U.S. Senator Mark Begich applauded Tuesday's U.S. Supreme Court ruling in favor of Native American and Alaska Native tribes in the Salazar, Secretary of the Interior v. Ramah Navajo Chapter case.
The decision holds the government liable for failing to pay full contract support costs to tribes which run education and law enforcement services under contracts with the Bureau of Indian Affairs (BIA). The decision means a similar rule will be issued next week instructing the Indian Health Service (IHS) to pay full contract support costs and uphold similar damage claims for past contract underpayments.
In Alaska, tribal entities and large regional tribal non-profits contract with the government to deliver services, such as operating hospitals and clinics, providing welfare assistance, housing programs and various other activities-all of which the federal government would otherwise be running.
Over many years, the federal government has underfunded the contract support costs it has owed these tribal contractors, leaving Alaska tribes and tribal health entities covering the gap. Senator Begich led a bipartisan group of senators to push the Obama administration to fully fund contract support costs (attached letter dated Sept 29, 2011). Over the last two years, contract support funding has increased by $126 million but still falls $80 million short.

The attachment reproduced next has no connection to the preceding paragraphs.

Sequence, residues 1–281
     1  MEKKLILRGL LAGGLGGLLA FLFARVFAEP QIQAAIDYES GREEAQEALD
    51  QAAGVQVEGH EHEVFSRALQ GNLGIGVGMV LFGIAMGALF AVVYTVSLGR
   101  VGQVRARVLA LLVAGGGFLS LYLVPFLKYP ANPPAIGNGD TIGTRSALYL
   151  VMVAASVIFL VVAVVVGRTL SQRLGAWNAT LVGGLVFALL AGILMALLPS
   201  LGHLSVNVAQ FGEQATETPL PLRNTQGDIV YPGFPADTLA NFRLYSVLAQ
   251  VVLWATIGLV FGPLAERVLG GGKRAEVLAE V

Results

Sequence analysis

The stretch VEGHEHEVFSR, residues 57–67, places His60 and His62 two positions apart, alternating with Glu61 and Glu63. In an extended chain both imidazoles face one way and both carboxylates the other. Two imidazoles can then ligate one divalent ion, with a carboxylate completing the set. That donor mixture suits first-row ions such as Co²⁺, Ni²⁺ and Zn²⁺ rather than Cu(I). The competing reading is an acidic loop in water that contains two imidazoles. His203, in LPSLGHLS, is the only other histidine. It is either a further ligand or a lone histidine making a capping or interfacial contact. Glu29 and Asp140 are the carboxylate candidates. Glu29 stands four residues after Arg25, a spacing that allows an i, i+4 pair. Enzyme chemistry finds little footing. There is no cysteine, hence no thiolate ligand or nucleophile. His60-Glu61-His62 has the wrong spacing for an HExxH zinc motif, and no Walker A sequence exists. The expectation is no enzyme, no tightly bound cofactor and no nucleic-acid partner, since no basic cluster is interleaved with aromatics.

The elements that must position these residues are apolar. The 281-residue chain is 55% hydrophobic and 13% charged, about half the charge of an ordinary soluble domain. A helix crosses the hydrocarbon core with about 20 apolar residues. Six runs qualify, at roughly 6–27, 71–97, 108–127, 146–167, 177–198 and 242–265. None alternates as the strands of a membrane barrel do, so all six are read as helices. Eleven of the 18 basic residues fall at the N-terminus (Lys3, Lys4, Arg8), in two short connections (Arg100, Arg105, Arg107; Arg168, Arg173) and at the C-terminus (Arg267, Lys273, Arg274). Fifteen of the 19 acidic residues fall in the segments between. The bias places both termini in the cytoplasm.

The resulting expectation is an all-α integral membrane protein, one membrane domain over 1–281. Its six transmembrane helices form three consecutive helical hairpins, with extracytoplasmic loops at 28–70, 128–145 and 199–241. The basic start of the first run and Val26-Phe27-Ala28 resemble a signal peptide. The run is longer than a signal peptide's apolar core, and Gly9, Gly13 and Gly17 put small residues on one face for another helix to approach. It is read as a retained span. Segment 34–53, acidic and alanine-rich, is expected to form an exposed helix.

"The Court has made it clear -- we must honor our contracts with tribes," Begich said. "The Obama Administration and Congress need to fully fund contract support costs now instead of inviting another wave of lawsuits."
Under the Court's ruling, if Congress does not appropriate full funding, tribal contractors can sue the IHS or BIA for the underpayment just like any other government contractor. Separate from this ruling, Senator Begich in April introduced the Day in Court Act to ensure that these specific past-due claims of IHS underpayments, are fully considered by the courts, and damages awarded to the extent warranted. The bill, S. 2389, has bipartisan support, including Sen. Lisa Murkowski. A companion bill was introduced by Congressman Don Young.
In Alaska, tribal health providers have built a world-class network of care, providing health care and other services to Alaska Natives while providing thousands of jobs across the State. This year alone, three new tribal health facilities will open in Fairbanks, Nome, and Wasilla. Another facility is online to begin construction in Kenai. All these facilities are operated under contracts with IHS. The new ruling will assure that IHS fully honors those contracts in the future.